In 1994, Cohen entered a Zen monastery to retreat from his career. Cohen was given the name Jikan, ‘the silent one.’ Chiron was conjunct his musical Venus, Neptune at 12’ Virgo suggesting the pain of his career, or his musical talents became impossible to bear. At the same time, Saturn was opposite Venus and Neptune at 12’ Pisces suggesting he stopped his music with ritual, retreat, study and austerity. The monks saw things otherwise. He was told to take up tennis, because he had forgotten how to play, all he did was work. Cohen later said the enlightenment was lightening up, and this was what they were trying to show him.
Interestingly, when he returned to music in 2001, Saturn had moved to conjunct his Chiron at 9’ Gemini and Jupiter moved to his MC at 27’ Gemini. This suggests there was some resolution with the wound (Chiron) and a need to be seen and expand his world (Jupiter/MC).
Of his depression Cohen said,
‘It’s a popular notion that it is exclusively suffering that produces good work or insightful work, I don’t think that’s the case. I think in a certain sense it’s a trigger or a lever, but I think that good work is produced in spite of suffering, as a victory over suffering.’
Cohen made his first public appearance in 13 years on May 13th, 2006. Neptune was conjunct his Saturn, perhaps softening and inspiring that fiercely intellectual placement. Neptune has a longing for union, transcendence, and beauty. Chiron was conjunct his North Node, suggesting he once again was on track, while Uranus opposed his Venus/Neptune at 14’ Pisces, showing a break with or a split from his past.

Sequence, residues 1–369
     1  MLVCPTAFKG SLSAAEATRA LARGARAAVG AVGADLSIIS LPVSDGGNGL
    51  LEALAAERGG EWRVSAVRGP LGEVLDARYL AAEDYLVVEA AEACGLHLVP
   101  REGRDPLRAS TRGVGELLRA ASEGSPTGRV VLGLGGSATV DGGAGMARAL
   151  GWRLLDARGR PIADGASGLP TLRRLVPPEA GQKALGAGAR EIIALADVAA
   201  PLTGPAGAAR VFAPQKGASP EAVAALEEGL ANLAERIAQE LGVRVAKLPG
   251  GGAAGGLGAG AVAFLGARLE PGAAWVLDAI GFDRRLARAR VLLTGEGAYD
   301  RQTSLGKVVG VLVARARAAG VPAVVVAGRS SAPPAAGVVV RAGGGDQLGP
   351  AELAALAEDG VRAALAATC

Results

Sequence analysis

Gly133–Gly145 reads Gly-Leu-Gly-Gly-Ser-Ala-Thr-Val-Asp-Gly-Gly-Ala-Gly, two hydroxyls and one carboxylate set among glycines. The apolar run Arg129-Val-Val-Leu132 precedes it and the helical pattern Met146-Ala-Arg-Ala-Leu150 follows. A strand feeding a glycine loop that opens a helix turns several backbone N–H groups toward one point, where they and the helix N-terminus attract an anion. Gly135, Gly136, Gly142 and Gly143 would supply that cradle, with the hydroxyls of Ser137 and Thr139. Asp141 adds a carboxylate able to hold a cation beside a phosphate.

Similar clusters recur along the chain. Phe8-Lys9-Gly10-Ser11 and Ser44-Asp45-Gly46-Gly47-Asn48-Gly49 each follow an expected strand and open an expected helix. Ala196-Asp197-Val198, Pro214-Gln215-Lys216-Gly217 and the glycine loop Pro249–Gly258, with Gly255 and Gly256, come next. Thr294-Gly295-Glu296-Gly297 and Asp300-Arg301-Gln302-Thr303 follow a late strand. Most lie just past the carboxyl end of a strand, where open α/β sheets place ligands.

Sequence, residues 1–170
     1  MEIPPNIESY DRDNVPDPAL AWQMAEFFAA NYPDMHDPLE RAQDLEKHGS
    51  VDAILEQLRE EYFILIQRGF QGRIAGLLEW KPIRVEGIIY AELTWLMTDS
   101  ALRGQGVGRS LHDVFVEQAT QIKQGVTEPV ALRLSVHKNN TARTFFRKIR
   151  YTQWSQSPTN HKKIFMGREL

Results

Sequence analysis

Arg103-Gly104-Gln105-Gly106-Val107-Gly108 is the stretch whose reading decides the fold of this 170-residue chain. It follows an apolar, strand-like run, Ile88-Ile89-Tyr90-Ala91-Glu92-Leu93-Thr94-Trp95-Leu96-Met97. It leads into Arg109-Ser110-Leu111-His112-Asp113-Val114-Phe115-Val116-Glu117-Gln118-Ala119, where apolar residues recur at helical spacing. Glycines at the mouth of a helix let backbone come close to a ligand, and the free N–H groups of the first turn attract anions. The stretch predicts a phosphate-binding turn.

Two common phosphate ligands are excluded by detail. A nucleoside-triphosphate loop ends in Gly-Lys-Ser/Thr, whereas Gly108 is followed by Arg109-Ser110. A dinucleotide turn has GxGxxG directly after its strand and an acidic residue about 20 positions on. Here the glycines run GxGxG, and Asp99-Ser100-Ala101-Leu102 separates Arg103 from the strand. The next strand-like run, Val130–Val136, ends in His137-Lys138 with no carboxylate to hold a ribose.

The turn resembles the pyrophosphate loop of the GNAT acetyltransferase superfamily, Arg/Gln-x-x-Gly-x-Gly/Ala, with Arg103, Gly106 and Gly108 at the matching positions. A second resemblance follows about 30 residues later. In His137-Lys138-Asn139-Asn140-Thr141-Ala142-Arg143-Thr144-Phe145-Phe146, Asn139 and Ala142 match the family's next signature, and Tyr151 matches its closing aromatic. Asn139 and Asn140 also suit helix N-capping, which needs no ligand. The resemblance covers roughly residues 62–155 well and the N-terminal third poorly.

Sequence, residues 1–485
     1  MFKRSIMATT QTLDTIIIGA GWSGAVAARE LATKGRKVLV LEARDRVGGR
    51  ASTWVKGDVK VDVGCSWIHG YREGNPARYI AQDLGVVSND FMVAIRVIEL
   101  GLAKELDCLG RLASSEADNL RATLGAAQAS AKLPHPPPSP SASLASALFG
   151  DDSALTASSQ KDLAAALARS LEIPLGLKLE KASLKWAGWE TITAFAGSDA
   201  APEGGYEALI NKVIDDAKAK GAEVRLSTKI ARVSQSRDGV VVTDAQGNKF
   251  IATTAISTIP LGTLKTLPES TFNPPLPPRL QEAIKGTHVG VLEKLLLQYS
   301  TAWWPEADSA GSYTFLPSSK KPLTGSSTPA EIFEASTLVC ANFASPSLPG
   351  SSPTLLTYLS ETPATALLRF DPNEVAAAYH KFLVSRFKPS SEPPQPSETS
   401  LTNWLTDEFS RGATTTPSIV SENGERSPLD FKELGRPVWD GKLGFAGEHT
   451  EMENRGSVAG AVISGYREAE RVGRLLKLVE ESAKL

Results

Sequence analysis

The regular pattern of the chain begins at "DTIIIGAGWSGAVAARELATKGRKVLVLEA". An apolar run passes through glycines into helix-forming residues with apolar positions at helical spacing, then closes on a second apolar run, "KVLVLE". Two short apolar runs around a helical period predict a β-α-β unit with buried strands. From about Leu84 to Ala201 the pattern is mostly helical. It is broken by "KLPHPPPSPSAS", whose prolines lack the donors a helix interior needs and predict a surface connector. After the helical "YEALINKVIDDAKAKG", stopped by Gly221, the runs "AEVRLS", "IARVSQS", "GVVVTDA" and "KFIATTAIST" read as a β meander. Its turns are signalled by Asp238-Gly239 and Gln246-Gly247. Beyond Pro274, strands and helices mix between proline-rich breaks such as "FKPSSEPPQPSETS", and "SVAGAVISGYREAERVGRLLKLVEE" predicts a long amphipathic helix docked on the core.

In the last years of his life, Cohen toured almost constantly. He was received rapturously on his several world tours. One highlight was when he played Glastonbury festival on 29th June 2008. As you would expect, there were three Saturn contacts on that day; Saturn was opposite his Moon at 4’Virgo, Neptune and Chiron were both conjunct his Saturn at 23’ Aquarius. Cohen eventually came to terms with Saturn the melancholic planet in his old age, the time of Saturn, and made some peace with himself. A rapprochement was reached with melancholy. In a Guardian article in 1976 Cohen observed,
‘I’m happy to report that, by imperceptible degrees and by the grace of good teachers and good luck, that depression slowly dissolved and has never returned with the same ferocity that prevailed for most of my life.’
Lastly, as a true melancholic, he danced till the end. His last album, You Want it Darker was released three weeks before he died when Chiron was conjunct his Ascendant/Sun at 27’ Virgo. His final goodbye was the album Thanks for the Dance complied posthumously around the time of his Uranus return in March 2019.